Atlantic Beach Experimental Theatre Review

Dick Kerekes & Leisla Sansom [email protected]


This past week ABET opened the Florida premier of “Coney Island Christmas,” by noted playwright Donald Margulies. His work includes “Time Stands Still,” and “Dinner With Friends,” for which he was awarded a Pulitzer Prize. Mr. Margulies was commissioned by Gil Cates, the late owner of the Geffen Theatre, to write “Coney Island Christmas, a one-act play adapted from “The Loudest Voice,” a short story by Grace Paley. ABET’S delightful version opened on December 4, 2015 and will run through December 20. Call 229-7177 or visit abettheatre.com for additional information and tickets.

The play opens in a small bedroom in Los Angeles where grandmother Shirley Abramowitz is discussing the Christmas season with her young granddaughter. Clara (Tess Miller), who is Jewish, feels left out of the joys of the season celebrated by her non-Jewish friends. The sympathetic grandmother, an elegantly dressed woman who is the story’s narrator, is played by Jean Lijoi, whom we have not seen since 2012, when she appeared in “Olive and the Bitter Herbs” at Players by the Sea (and had one of our favorite theatre lines: “I am unlovable and I can give you references”).

Meganne Johnson, Joseph Stearman, Amy Tillotson and Kaiti Barta

The grandmother takes Clara back to a time in the past, when she was a teenager living in Brooklyn in 1935, during the height of the depression. Her parents, Mr. and Mrs. Abramowitz (Joseph Steadman and Amy Tillotson), own a small delicatessen and grocery. Shirley goes to a public school, and is so good at playing the turkey in the Thanksgiving play that the school’s drama teachers, Mr. Hilton (Christopher Collinsworth) and Miss Glace (Hannah Ventro) want her in the Christmas play. They need a strong actor for a major role and because she projects so well, she will be cast as Jesus.

At home, this news greatly upsets her mother and she forbids it. She is adamant that a Jewish child appearing as Jesus isn’t consistent with the traditions of the family’s faith. And, as she explains to the father, this could lead to their daughter deciding to become a nun.

Shirley does go on to play the role with the secret permission of her more liberal father. Douglas Anderson School of the Arts junior Kaiti Barta gives an inspired performance as Shirley that is both heartwarming and comic.SAMSUNG CSC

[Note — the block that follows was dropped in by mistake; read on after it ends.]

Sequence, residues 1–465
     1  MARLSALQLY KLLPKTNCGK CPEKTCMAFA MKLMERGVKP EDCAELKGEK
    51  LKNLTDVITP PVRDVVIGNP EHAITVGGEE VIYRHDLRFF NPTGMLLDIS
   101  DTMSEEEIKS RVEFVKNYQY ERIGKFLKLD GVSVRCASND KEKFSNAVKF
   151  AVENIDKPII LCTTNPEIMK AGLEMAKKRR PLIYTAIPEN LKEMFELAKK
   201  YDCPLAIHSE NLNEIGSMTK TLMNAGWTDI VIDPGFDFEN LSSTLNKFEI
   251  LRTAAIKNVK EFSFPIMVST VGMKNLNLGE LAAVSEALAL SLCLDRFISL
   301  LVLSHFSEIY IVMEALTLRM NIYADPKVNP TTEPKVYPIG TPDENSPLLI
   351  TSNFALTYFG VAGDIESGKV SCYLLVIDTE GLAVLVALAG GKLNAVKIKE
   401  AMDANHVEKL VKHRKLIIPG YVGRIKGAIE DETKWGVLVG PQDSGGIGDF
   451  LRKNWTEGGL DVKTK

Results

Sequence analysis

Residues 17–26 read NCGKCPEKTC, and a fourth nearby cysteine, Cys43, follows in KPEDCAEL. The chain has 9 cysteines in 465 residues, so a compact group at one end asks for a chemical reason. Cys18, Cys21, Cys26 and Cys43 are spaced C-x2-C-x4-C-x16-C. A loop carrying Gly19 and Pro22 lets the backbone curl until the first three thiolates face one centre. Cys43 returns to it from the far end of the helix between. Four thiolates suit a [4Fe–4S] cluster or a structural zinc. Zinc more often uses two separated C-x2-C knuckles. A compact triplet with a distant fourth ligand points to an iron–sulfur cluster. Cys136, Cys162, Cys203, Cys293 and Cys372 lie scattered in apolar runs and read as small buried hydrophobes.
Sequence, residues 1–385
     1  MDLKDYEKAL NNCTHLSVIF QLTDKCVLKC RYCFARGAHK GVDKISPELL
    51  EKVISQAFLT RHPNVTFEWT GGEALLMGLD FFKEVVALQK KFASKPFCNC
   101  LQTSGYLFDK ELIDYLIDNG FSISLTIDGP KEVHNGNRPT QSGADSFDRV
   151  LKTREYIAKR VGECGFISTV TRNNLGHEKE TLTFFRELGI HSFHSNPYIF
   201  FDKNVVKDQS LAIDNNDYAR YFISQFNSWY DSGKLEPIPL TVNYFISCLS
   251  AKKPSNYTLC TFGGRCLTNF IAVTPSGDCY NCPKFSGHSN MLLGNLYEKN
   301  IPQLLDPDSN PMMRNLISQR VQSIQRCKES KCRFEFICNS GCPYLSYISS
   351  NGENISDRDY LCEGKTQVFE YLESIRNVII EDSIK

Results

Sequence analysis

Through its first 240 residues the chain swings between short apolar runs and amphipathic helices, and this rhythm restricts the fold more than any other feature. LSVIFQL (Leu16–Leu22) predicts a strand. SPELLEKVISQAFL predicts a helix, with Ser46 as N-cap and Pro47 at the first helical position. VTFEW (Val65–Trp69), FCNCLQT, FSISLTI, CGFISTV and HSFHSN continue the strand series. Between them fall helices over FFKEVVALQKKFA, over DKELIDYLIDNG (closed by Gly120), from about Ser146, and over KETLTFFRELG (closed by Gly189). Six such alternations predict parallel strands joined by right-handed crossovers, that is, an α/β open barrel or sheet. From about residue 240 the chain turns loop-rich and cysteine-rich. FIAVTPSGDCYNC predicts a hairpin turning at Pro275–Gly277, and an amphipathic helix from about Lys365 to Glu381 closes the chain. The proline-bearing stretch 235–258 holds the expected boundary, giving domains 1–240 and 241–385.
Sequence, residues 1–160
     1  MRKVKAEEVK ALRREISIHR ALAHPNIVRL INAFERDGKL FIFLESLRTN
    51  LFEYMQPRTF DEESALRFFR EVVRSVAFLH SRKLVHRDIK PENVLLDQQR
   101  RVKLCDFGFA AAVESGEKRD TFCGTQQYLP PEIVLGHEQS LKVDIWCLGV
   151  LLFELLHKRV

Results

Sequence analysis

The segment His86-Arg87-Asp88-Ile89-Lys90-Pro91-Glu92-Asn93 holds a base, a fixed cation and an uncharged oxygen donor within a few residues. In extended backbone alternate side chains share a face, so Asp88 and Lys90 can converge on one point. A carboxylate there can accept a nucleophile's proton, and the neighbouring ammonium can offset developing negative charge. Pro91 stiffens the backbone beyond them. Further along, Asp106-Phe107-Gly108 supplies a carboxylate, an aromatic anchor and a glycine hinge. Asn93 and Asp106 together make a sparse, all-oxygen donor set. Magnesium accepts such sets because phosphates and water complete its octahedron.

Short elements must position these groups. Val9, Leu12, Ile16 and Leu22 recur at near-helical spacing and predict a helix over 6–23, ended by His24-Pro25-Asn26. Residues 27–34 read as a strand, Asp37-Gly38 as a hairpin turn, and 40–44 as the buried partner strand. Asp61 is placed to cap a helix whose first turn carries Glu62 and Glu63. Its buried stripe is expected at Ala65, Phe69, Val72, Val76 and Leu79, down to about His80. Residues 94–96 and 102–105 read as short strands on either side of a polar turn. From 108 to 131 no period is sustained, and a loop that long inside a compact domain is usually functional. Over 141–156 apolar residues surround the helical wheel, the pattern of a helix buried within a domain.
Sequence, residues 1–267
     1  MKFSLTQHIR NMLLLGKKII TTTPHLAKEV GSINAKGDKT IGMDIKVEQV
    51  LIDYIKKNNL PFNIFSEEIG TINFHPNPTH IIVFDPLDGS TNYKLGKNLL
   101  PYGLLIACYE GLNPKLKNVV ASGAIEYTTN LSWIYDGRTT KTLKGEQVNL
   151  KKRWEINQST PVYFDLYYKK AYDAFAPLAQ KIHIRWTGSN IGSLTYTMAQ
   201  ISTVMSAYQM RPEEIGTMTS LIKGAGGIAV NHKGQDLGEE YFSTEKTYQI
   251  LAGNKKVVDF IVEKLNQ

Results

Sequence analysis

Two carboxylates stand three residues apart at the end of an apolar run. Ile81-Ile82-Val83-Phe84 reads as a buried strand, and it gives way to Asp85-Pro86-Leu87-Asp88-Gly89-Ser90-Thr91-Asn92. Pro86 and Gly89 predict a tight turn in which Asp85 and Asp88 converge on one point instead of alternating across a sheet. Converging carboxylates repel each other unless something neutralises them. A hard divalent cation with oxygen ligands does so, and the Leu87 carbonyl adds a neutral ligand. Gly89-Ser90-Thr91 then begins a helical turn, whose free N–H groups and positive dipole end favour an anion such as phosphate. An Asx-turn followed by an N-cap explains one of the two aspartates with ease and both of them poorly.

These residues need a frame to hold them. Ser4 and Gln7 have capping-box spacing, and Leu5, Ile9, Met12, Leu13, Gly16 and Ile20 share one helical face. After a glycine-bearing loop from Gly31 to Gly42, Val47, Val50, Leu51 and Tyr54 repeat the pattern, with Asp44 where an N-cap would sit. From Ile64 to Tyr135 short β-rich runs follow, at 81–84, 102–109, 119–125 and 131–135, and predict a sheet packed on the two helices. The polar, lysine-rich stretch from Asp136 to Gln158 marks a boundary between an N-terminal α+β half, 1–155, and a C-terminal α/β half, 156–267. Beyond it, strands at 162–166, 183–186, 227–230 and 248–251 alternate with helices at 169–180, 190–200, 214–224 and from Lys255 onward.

Granted, this is an absurd premise for a Christmas play. However, the underlying theme of the play is tolerance, and it has many humorous scenes.

Meganne Johnson makes two short but hilarious appearances as Mrs. Kornblum, a store customer who has nothing but complaints about the store’s goods: for example, she says the fish isn’t fresh and has too many bones.

There are eight additional young actors, who appear in the school play which was sidesplittingly funny. Each played more than one role in their farcical Christmas pageant. Carmen Burbridge was Evie, Shirley’s best friend, who is cast as the Virgin Mary. Tyler Lewis appeared in several parts, including that of Joseph. Ebenezer Scrooge, even made an appearance, and was portrayed by Kyle Conrad De’Andrea Bell. Campbell Ford’s principal role was that of Henry Brown, but we believe he also appeared as the angel Gabriel and as Santa Claus. Rounding out the cast were Kayla Bowman, Emily Collins, Melanie Arden, and Garrett Howley-Harvey.

Though the play was not billed as a musical, parts of some Christmas songs are sung during the pageant. There are also a couple of songs in Hebrew.


Megan Georgeo made an impressive debut as a Director with this show. Ms. Georgeo has an extensive theatre background. She was the Assistant Director of “Lesson in Dying” at Players by the Sea. Additionally, she has appeared as an actor in a long list of dramas and musicals including, “Quills,” “The Vibrator Play,” “The Trojan Women, ““Beehive,” and “Bloody, Bloody, Andrew Jackson.” The set was also designed by this talented lady.

While the play is a lot of fun, its message is that Christmas and of Hanukkah celebrations differ but share roots from ancient times. We loved the energy and performances of the entire cast. We also appreciated the excellent program which featured photos of the entire cast.

ABET is located in The Adele Grage Cultural Center, at 716 Ocean Boulevard in Atlantic Beach, Florida. When you go to see the show, be sure to go into the center’s gallery to view the splendid watercolor paintings of local artist Rosanne Eqidio.

The production team included Mara Schreiber (Stage Manager & Light Board Operator), Melanie Arden (Production Manager), Megan Georgeo (Director, Set Design & Costumes), Amy Tillotson (Costume Design), Bryan Frank (Lighting Design), Gordon Frank (Lighting Crew), and Celia Frank (Managing Artistic Director & Program)

About Dick Kerekes & Leisla Sansom

The Dual Critics of EU Jacksonville have been reviewing plays together for the past nine years. Dick Kerekes has been a critic since 1980, starting with The First Coast Entertainer and continuing as the paper morphed into EU Jacksonville. Leisla Sansom wrote reviews from time to time in the early 80s, but was otherwise occupied in the business world. As a writing team, they have attended almost thirty Humana Festivals of New America Plays at Actors Theatre in Louisville, Kentucky, and many of the annual conferences sponsored by the American Theatre Critics Association, which are held in cities throughout the country. They have reviewed plays in Cincinnati, Chicago, Miami, Sarasota, Minneapolis, Orlando, New York, Philadelphia, Sarasota, San Francisco, Shepherdstown, and The Eugene O’Neill Center in Waterford, Massachusetts. They currently review about one hundred plays annually in the North Florida area theaters, which include community, college, university, and professional productions.